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71 Figure 3 8. Canopy height models, Millhopper study site. Clockwise from top left: lidar, nadir imagery, and oblique imagery.

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72 Figure 3 9. Differenced canopy height models, Millhopper study site. The summary statistics for these can be found in Table 3 6. Figure 3 10. Hi stograms of canopy height models. Clockwise from top left: lidar, nadir imagery, and oblique imagery.

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73 Figure 3 1 1 Histograms of differenced canopy height models. Figure 3 1 2 Distortion in dense matching reconstruction of the scene. In the nadir dense matching point cloud (left), the canopies appear less distorted than in the oblique cloud (right). Direction of flight with respect to each image is left right.

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74 Table 3 1. PhotoScan processing details. Jonesville Millhopper Nadir Oblique Na dir Oblique Aligned cameras 128 149 369 502 RMS projection error [pix] 0.348 0.335 0.364 0.401 Max reprojection error [pix] 1.338 0.697 1.387 2.524 Matching time (h:mm:ss) 00:01:52 00:01:33 00:03:19 00:04:24 Alignment time 00:00:57 00:00:47 00:02:27 0 0:02:54 Depth maps generation time 01:17:00 00:37:51 00:17:17 00:48:19 Dense cloud generation time 00:16:49 00:11:28 00:19:43 01:10:00 Table 3 2. Processing specifications. Computer model Dell Precision T3610 CPU Intel Xeon E5 1620 @ 3.70 GHz (4 core s) GPU NVIDIA K4000 RAM 16 GB DDR3 PhotoScan version 1.4.2 build 6205 Table 3 3. Checkpoint error results. Oblique Nadir Point X [cm] Y [cm] Z [cm] Total X [cm] Y [cm] Z [cm] Total P1 0.2 0.7 1.5 1.7 0.0 1.5 2.0 2.5 P2 0.1 1.4 0.7 1.5 0.3 1.4 2.6 3.0 P3 0.0 0.9 2.9 3.0 0.2 2.1 3.0 3.6 P4 0.5 1.5 2.4 2.9 0.2 1.9 2.7 3.3 P5 0.9 0.7 3.6 3.8 0.3 0.6 0.7 1.0 P6 1.6 0.0 3.3 3.7 1.6 0.4 1.1 1.9 P7 0.4 1.3 3.9 4.1 1.1 1.5 0.5 1.9 P8 1.3 0.8 3.1 3.5 0.3 0.7 1.7 1.9 P9 1.2 2.1 3.7 4.4 1.9 1.9 5.1 5.8 P10 0.1 0.8 2.1 2.3 0.2 0.9 4.7 4.8 P11 1.8 1.7 3.1 4.0 2.4 1.2 3.8 4.7 P12 0.5 0.8 1.6 1.9 0.8 0.5 5.9 5.9 P13 1.0 1.5 1.5 2.4 1.2 1.0 7.8 7.9 P14 0.6 1.4 2.6 3.1 0.5 0.8 4.8 4.9 P1 5 0.0 0.3 3.5 3.5 1.5 0.2 8.2 8.3 P16 0.2 3.0 2.8 4.1 1.8 1.6 6.8 7.2 P17 0.5 1.3 2.1 2.5 1.0 1.1 3.4 3.7 P18 0.8 0.4 2.7 2.8 0.7 1.0 2.9 3.2 P19 0.0 0.8 0.5 0.9 0.3 1.5 1.5 2.1 P20 1.3 0.2 2.8 3.0 0.8 0.7 0.7 1.3 RMS E 0.19 0.29 0.60 0.69 0.24 0.28 0.93 1.00 0.86 1.31 1.30 0.96 1.02 1.28 2.57 2.18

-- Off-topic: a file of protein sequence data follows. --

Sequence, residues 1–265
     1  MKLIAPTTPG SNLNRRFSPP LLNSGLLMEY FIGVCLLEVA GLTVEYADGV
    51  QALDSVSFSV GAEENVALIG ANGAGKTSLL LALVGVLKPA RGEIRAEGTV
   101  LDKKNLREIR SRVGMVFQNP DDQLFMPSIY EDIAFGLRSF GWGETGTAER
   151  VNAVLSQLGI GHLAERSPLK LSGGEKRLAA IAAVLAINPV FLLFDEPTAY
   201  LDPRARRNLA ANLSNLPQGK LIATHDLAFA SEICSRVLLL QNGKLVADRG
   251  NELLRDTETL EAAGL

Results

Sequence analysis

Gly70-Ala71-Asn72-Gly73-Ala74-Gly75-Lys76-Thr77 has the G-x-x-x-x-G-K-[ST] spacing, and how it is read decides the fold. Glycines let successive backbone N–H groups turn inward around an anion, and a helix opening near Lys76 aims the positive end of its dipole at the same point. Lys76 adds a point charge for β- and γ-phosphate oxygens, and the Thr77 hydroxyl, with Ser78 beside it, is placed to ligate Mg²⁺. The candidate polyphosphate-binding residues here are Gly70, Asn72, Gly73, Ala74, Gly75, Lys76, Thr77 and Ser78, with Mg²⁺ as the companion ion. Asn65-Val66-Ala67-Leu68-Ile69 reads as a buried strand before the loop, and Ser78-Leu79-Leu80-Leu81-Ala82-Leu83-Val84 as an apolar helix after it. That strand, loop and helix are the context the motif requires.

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75 Table 3 4. Checkpoint analysis, F test results. Nadir Oblique Mean 3.95 m 2.95 m Variance 4.76 m 0.92 m Observations 20 20 Degrees of freedom 19 19 5.157 one tail 0.0004 one tail 2.168 Table 3 5. t test results. Nadir Oblique Mean 3.95 m 2.95 m Variance 4.76 m 0.92 m Observations 20 20 Hypothesized mean difference 0 Degrees of freedom 26 1.88 one tai l 0.04 one tail 1.71 Table 3 6. Summary statistics for the canopy height models. Lidar Nadir Oblique Nadir lidar Oblq. lidar Mean [m] 8.00 6.76 7.96 1.24 0.04 [m] 3.85 4.61 4.27 3.02 2.74 Note: All units in this table are me ters.